Suicidality Is Elevated among Teens with Bulimia Nervosa

Reprinted from Eating Disorders Review
January/February 2011 Volume 22, Number 1
©2011 Gürze Books

Recent reports suggest that persons with bulimia nervosa (BN) are at increased risk for suicidal thoughts and actions, but little is known about suicidality among adolescents with BN. Scott J. Crow, MD and colleagues at the University of Minnesota, Minneapolis, and the Genetic Epidemiology Research Branch of the National Institutes of Mental Health, Washington, DC, recently reported a study in which suicidal ideation was found to be more common among teens with BN than among teens with other eating disorders. The researchers evaluated the frequency and correlates of suicidality in teens in a population-based sample. The subjects were 10,123 teens participating in a nationally representative survey of psychopathology, the National Comorbidity Survey Replication-Adolescent Supplement (NCS-A).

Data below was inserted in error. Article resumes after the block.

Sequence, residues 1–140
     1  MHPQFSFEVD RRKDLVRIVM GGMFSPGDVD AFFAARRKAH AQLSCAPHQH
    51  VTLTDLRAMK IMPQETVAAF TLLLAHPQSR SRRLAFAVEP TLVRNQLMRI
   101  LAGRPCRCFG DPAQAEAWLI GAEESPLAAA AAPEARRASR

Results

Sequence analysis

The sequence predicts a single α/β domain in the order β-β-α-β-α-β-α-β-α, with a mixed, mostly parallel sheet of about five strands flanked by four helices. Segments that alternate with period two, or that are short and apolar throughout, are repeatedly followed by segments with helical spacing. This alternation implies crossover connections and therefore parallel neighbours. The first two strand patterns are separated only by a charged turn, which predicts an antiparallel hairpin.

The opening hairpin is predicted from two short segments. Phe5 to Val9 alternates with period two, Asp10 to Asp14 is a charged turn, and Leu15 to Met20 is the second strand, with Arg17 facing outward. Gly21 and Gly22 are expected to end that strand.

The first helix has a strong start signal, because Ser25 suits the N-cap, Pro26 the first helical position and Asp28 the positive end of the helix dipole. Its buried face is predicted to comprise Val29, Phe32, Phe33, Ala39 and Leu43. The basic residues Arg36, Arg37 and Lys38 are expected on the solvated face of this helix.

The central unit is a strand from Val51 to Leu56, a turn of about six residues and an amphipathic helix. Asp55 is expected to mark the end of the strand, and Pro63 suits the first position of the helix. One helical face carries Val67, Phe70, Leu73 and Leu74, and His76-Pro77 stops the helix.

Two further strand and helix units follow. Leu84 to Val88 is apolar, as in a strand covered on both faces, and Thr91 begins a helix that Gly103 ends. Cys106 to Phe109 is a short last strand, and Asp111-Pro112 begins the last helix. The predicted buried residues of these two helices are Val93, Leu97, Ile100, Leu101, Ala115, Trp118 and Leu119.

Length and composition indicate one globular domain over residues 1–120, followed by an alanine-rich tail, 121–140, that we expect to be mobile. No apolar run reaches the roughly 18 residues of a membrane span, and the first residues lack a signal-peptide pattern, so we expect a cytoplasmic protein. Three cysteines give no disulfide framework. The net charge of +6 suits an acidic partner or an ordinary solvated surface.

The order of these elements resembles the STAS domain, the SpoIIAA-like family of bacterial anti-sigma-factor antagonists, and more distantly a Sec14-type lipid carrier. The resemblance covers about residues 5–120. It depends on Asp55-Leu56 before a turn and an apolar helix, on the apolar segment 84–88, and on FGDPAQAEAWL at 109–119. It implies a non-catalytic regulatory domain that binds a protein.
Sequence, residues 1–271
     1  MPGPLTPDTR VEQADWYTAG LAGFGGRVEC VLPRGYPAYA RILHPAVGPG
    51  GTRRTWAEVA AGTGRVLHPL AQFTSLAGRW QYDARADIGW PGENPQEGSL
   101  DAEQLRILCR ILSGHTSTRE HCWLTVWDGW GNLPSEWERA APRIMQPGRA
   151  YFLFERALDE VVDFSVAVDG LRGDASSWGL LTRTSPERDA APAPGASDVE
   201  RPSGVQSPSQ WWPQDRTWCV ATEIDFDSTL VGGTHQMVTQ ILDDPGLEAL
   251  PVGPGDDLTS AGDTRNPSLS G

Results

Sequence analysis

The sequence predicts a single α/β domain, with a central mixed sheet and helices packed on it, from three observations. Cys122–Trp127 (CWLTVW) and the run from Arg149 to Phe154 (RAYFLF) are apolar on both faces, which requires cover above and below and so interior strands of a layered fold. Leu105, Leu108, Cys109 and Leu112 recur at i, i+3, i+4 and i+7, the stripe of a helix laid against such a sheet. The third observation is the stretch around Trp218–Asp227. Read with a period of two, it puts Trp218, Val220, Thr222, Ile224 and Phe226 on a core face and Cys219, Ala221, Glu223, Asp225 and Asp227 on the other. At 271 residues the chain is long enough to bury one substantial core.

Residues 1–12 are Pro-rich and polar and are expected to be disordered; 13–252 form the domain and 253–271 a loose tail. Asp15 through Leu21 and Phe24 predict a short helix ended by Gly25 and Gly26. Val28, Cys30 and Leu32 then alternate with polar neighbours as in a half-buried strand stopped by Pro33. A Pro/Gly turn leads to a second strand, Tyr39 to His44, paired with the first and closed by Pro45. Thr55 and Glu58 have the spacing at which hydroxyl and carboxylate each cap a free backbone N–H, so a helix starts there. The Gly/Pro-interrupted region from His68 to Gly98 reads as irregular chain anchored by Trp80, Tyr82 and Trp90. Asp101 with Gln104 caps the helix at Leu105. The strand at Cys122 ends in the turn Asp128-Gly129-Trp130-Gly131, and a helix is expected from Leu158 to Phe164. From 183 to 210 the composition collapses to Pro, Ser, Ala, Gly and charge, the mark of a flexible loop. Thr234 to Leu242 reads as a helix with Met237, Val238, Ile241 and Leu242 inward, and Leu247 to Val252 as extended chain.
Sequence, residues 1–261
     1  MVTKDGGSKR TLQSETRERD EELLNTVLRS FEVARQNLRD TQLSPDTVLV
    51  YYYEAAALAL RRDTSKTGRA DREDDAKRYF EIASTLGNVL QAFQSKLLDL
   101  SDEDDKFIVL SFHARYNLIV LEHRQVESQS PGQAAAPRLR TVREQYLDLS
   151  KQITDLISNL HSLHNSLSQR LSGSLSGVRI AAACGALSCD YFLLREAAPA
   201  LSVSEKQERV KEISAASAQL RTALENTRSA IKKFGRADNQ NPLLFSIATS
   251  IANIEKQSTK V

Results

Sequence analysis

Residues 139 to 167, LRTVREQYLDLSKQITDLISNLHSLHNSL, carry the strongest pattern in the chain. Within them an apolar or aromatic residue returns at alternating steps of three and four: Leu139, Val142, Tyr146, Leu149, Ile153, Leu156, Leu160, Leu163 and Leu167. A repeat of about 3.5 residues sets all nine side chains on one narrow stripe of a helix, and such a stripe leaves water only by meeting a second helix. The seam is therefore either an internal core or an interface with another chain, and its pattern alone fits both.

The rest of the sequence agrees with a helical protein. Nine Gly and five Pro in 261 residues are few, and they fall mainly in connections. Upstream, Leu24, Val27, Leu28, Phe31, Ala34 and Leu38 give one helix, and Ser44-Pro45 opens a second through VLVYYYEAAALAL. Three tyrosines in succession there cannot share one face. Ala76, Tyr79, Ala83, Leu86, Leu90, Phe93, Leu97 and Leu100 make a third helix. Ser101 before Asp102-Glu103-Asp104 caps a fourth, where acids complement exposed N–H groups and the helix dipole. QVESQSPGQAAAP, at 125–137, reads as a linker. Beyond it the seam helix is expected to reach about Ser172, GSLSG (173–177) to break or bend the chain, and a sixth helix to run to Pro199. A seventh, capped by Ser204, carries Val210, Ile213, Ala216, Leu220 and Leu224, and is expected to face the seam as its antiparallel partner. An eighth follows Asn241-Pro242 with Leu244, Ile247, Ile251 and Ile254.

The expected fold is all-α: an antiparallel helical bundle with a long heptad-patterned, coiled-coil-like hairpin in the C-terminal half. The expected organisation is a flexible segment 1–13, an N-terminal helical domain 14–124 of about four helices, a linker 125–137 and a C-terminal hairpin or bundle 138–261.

The survey results provided new information about eating disorders symptoms and suicidality among adolescent patients. The diagnoses of eating disorders were made with the Composite International Diagnostic Interview, or CIDI. As reported at the Eating Disorders Research Society meeting in Cambridge, MA, suicidal ideation was more common among teens with BN (53%) than among those with another eating disorder (AN:31.4%; Binge eating disorder, 34.4%). The researchers found a similar pattern for suicidal planning (25.9%) and suicidal attempts (35.1%) among teens with BN. Suicidal thoughts and behaviors were more common in teens who purged than in those who did not purge. Dr. Crow and his colleagues note that the study results underscore the importance of addressing the topic of suicide risk in all adolescents struggling with disordered eating.

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